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Why Yes Minister is vastly superior to The West Wing

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From the BBC Radio 4 Documentary of the Week of March 2, 2012


Wikipedia on Yes Minister and The West Wing

Armando Iannucci of The Thick of It and Veep, along with Sir Bernard Ingham (Margaret Thatcher’s chief press secretary), Lord Donoughue (Senior Policy Adviser to PMs Wilson and Callaghan) and others explain why Yes Minister is so amazing:


Pay attention from 5’00” onwards, in the video below, where it is explained what inspired Yes Minister and who its sources were.


At 8’27” (below): “[Yes Minister] is not The West Wing … [The West Wing’s] main problem is it is American and that means that every member of the cast is prefect, is virtuous, he has a reverence for government … The characters in Yes Minister have [flaws] in abundance. But the great thing about the program is that those flaws extend beyond Westminster itself. Every institution in the show is shown to be corrupt and sick. Everyone. The BBC, the Church, countryside lobbies, trade unions, industry. Everyone out there is shown to be just as confused, shoddy and crazy as everyone over there.


N.B. The BBC bastards pulled part 2 of Armando’s film.

Armando on Yes Minister in The Daily Telegraph

[L]et me single out Yes, Minister as the best, most useful warning we’ve ever had of how we can go on convincing ourselves we operate under a properly functioning democracy while the truth is that the blindnesses and obstinacies of those with any sort of power clumsily conspire to make that democracy dysfunctional.

many of the plots were based on information passed on by government insiders at the very highest level. What we were watching felt like documentary, and yet we laughed. This was the unsettling thing: we were laughing at the truth, because the truth was so clearly absurd.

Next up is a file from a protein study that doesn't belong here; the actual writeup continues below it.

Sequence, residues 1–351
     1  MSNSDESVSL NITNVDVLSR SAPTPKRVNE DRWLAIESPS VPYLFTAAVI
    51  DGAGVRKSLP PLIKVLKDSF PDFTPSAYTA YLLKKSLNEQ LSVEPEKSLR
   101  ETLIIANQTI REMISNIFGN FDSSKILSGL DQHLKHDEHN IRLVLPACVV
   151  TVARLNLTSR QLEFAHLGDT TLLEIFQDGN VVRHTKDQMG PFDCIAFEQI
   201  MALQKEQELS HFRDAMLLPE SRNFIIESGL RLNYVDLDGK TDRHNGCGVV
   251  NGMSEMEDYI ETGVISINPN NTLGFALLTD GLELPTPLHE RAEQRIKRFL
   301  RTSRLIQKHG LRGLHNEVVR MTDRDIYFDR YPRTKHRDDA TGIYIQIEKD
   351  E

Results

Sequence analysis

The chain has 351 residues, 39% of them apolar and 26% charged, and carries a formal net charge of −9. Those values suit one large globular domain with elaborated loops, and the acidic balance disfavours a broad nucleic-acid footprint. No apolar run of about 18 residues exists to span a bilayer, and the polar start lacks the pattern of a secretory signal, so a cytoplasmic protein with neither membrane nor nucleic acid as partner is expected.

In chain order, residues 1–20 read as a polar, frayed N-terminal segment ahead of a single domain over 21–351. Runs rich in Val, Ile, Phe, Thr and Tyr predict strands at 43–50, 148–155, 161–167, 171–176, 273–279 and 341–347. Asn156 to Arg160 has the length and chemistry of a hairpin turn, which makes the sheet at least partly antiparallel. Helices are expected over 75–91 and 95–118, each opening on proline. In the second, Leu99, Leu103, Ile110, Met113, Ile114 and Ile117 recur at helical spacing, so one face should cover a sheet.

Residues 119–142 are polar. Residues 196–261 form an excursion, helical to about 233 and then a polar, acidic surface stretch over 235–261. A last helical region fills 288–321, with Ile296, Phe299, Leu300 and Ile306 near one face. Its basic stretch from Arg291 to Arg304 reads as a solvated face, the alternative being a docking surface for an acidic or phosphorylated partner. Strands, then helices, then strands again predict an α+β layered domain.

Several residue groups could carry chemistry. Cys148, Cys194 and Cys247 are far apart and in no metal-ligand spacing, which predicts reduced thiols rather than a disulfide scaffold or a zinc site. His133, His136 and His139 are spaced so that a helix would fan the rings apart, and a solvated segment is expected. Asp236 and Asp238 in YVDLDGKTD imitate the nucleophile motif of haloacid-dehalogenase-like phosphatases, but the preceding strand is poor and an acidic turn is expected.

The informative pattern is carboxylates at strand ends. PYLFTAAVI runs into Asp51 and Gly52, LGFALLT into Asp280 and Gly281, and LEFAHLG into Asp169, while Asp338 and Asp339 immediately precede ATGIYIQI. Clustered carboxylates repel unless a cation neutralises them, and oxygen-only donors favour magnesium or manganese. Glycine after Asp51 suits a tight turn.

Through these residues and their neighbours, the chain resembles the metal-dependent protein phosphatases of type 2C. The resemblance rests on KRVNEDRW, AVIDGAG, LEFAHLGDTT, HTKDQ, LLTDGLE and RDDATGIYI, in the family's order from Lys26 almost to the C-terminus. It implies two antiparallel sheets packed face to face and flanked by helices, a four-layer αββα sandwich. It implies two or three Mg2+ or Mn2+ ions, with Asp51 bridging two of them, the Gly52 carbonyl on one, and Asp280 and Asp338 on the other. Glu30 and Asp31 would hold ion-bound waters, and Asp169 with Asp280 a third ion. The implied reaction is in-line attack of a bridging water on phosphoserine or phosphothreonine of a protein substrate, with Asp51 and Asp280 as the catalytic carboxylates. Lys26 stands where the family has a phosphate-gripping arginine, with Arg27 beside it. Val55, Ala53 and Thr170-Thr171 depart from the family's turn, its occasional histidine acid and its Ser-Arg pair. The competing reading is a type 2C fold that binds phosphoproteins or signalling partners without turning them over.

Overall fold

Yes, Minister was the first show on British television to dramatise with deadly accuracy the twisted and contradictory logic that passes for standard political dialogue.

Only now can we appreciate Yes, Minister’s warnings about the complacency within our state institutions. The programme didn’t imply these people were evil; rather, that they were dangerous because they were convinced they were doing the right thing, and therefore flabbergasted by criticism.

If it’s so easy now to imagine the absurd conversations taking place in the corridors of power that led to these arguments, then that’s because Yes, Minister so effectively provided us with the template. It’s a mark of its subversive influence that we now cannot trust a politician if he sounds like a character from Yes, Minister or deploys the sort of malformed logic for which the programme was famous. If it’s depressing that this sort of logic is still used, it’s a cause for rejoicing that we now have the means to identify it.

William Hague, current Foreign Secretary of the UK and others explains how true to life Yes Minister was:





TV critic Heather Havrilesky on The West Wing:

What rock did these morally pure creatures crawl out from under and, more important, how do you go from innocent millipede to White House staffer without becoming soiled or disillusioned by the dirty realities of politics along the way?

Bonus Videos: Antony Jay and Jonathan Lynn, the creators of Yes Minister, and others on Yes Minister and its connections to British comedy.




And lastly, a view from the “Left Wing” side (makes me love Yes Minister even more):

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